As a result of the considerations noted by Sofer, Israeli officials were initially circumspect when it came to Russia. Prime Minister Naftali Bennett reportedly barred ministers and officials from commenting about the crisis publicly.
Before the extent of Russia’s invasion became clear, Israeli Foreign Minister Yair Lapid also cited the Jewish communities in Ukraine and Russia as well as the Russian presence in Syria as reasons for caution, saying he had to be “more careful than any other foreign minister in the world.”
“Our border with Syria is, for all intents and purposes, a border with Russia,” Lapid noted.
Lapid also insisted the US understood Israel’s predicament. “This is where the special relationship [with the US] comes into play. They understand this because they understand us. We have a mutual vocabulary, a language that we share.”
Prior to the invasion, Lapid said Israel “will have to consider” going along with sanctions.
Other Israeli officials, including Knesset Foreign Affairs and Defence Committee chairman Ram Ben Barak, had also expressed hopes that Israel would not be forced to take a position – but the clear underlying assumption was that, if the current crisis continued, Israel would have to support US-led sanctions, while trying to do so discreetly to minimise the chance of provoking Russia.
“In the end, if we ever have to choose a side, we will pick the American side,” said Diaspora Affairs Minister Nachman Shai, commenting on Lapid’s initial remarks before the extent of the Russian invasion was clear. He added, “It is clear that in this story, our heart is with one side, with the Americans. We are trying, and I think we are doing it well, to manoeuvre between all the forces involved without taking a clear public stance, with the hope that the crisis will end without fire, without casualties and without a military confrontation.”
Israel does have a long-standing diplomatic tradition of caution and attempting to remain uninvolved in international disputes involving Russia, dating back to even before Russia’s intervention in Syria in 2015. In 2014, for instance, Israel abstained from a US-led resolution to condemn Russia’s annexation of Crimea at the UN. In 2018, Israel declined to join a unified Western response against Russia over the attempt to assassinate Sergei Skripal in the UK. Indeed, former Prime Minister Binyamin Netanyahu was one of only two leaders to attend Russia’s Victory Day parade in Moscow later that year.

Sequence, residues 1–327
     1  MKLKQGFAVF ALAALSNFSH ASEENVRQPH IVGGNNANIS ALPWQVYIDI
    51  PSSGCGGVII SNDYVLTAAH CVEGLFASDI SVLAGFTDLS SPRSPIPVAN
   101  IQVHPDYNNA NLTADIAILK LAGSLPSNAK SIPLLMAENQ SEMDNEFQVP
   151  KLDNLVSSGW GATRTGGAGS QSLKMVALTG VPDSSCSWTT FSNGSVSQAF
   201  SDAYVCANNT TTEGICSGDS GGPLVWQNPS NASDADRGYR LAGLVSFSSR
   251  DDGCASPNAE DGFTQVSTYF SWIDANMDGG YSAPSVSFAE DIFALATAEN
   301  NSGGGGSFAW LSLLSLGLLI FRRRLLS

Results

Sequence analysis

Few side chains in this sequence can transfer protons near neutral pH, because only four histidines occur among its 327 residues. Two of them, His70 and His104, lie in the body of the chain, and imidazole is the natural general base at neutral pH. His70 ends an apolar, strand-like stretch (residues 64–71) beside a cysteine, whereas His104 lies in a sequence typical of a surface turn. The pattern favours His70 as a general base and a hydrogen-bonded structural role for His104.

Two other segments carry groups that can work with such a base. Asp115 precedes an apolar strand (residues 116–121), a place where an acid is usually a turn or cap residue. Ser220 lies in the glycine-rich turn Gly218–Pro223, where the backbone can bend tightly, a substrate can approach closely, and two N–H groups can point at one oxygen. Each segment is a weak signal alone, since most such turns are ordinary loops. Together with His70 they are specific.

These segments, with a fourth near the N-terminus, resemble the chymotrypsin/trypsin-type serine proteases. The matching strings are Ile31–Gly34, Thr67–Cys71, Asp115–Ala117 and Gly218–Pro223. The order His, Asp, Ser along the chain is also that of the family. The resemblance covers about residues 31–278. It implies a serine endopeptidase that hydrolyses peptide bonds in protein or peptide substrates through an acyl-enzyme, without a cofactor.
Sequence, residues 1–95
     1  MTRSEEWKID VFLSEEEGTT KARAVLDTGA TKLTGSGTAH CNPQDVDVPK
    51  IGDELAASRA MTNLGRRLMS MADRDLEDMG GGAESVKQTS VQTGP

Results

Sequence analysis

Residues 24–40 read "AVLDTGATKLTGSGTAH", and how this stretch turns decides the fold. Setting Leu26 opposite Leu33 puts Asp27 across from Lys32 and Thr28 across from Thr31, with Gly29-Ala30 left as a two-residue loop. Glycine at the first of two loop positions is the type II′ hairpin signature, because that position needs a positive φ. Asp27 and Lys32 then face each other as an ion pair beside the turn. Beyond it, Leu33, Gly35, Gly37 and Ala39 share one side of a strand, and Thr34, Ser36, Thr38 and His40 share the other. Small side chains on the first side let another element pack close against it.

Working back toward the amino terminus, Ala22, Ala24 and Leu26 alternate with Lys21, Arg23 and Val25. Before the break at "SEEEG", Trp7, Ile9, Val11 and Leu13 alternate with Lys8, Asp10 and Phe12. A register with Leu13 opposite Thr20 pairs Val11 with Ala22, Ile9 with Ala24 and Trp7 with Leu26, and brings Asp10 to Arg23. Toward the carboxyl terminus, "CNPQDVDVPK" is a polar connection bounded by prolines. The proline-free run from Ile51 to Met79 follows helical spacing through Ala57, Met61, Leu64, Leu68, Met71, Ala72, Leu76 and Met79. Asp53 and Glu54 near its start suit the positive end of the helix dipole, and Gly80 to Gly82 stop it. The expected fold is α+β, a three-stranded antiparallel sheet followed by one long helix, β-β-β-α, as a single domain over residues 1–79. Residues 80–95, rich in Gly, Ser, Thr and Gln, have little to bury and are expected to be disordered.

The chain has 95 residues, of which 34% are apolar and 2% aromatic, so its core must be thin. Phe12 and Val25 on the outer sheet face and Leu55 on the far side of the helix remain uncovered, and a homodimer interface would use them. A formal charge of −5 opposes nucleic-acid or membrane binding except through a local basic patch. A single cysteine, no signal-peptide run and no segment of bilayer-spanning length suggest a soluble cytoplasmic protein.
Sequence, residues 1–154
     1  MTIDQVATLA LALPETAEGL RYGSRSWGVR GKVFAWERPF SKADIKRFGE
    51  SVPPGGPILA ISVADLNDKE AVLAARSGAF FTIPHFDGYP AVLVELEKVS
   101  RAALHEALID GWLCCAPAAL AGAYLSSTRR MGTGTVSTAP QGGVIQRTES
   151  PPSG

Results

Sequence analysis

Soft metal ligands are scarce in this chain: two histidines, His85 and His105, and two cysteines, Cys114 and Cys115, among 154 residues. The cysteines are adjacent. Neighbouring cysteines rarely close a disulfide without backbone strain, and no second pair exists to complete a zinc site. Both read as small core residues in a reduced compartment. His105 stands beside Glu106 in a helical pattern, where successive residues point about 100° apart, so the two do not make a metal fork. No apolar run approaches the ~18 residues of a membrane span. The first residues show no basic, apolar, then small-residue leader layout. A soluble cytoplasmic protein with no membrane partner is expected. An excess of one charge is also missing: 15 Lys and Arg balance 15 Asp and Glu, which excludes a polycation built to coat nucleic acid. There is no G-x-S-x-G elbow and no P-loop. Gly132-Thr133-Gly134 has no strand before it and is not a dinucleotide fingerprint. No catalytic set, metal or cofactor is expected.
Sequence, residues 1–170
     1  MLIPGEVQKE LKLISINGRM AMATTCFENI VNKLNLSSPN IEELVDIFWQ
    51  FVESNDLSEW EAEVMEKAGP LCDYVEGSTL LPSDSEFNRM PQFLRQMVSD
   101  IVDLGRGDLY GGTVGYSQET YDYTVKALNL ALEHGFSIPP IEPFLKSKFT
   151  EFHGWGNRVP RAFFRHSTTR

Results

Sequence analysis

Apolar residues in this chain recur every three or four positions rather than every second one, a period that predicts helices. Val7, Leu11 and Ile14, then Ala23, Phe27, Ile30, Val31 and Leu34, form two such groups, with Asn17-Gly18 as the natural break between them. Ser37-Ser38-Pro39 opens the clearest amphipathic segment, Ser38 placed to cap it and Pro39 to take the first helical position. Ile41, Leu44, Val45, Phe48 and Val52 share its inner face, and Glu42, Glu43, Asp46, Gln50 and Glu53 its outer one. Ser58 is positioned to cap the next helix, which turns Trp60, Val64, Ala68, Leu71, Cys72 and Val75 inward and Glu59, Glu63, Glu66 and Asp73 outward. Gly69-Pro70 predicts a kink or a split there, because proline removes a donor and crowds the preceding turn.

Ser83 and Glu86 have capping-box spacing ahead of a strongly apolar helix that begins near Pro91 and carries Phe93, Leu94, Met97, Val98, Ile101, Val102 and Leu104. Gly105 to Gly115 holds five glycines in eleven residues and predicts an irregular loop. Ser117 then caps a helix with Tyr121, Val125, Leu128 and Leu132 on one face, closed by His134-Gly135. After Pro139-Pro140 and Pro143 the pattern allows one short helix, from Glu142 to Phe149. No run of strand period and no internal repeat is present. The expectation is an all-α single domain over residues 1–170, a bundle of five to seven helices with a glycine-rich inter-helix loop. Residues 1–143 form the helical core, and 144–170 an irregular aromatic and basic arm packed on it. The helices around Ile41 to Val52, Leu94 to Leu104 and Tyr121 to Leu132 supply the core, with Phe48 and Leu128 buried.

There is also the issue of Russian political influence in Israel, with an entire party within the current governing coalition, Avigdor Lieberman’s Yisrael Beiteinu, dedicated to Jews from the former Soviet Union, among whom are several senior current and former Israeli officials and public figures.
Meanwhile some Russian Jewish oligarchs, such as Roman Abramovich, have been giving lavishly to Jewish and Israeli causes and institutions, from Yad Vashem and settler groups, to hospitals, universities, and arts-related projects, including funding Israel’s Genesis Prize. Abramovich was even granted Israeli citizenship and lived in Tel Aviv.
Ram Ben Barak and Defence Minister Benny Gantz previously worked with a US-sanctioned Russian oligarch, Viktor Vekselberg, to establish a security and technology startup called Fifth Dimension. This ultimately failed, reportedly in part due to sanctions.
Overall, while Israel had understandable reasons for its initially cautious stance regarding Russia, and attempting to minimise any Russia blowback while quietly supporting Western sanctions, it is highly unlikely that any aspect of that stance can remain viable now that Russia has launched a full-scale invasion of Ukraine.